Utah moms honor sons by traveling to Iraq

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COTTONWOOD HEIGHTS -- Three Utah mothers followed in their sons' footsteps and went on a peacekeeping mission to Iraq. All three lost their sons during the most recent conflict in the country, Operation Iraqi Freedom.

The women went to the place their sons served in an effort to heal as well as help the women and children of the country.

KSL caught up with two of the Utah moms Tuesday, the day after they returned from their trip.

Iraq is a long way from home for these Gold Star moms. The buildings were run down, the streets were dangerous for women traveling alone and local women still do not have many basic rights.

"It was amazing, humbling. It was very life changing," said Jan Moncur.

She and fellow Gold Star mom Amy Galvez both lost sons in the war: Galvez's son died in Iraq four years ago; Moncur's died in a training accident stateside, but prior to that he served in Iraq.

The two mothers made the trip to the Middle East with the Future Organization. They went to heal and meet Iraqi women who also lost sons.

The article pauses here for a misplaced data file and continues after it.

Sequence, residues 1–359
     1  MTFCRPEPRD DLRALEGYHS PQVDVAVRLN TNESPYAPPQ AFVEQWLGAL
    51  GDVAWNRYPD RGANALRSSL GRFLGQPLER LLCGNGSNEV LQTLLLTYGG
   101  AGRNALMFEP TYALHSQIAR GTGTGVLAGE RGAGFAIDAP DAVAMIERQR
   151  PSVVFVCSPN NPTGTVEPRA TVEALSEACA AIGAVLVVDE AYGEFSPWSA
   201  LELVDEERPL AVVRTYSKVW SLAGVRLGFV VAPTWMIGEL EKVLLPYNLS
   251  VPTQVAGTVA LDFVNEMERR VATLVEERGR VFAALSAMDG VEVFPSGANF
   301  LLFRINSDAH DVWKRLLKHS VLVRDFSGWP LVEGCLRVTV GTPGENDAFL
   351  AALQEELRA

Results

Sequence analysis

"They told us their stories, of the loss, some losing eight members of their family -- men, from the time of Saddam who had been executed or disappeared," Galvez said.

Every day the women had a full agenda in Iraq, meeting with officials and visiting women's centers and orphanages.

"There was a girl that begged to come here, just begged to come home with me," Moncur recalls.

During the trip the women were surrounded by eight security personnel at all times. Their trip was front-page news in Iraq and Iran.

They were gone less than two weeks, meeting women and children and assessing the needs of the community.

"They have needs over there that are unbelievable," Moncur said.

"The hospitals lack supplies," Galvez said. "It's government run, and even the most basic medicines they are lacking."

Now that they are home, the two mothers plan to raise money and gather supplies to send back to the women and children they met.

The trip also served another purpose: It brought them closer to their sons, whom they say would be proud.

"I never would have thought four years ago when my son was killed I could have a way to help," Galvez said.

A total of 10 Gold Star moms from across the country went on the trip; three were from Utah. The women say there were times they felt a little uneasy, but they're all very glad they went.

E-mail: abutterfield@ksl.com


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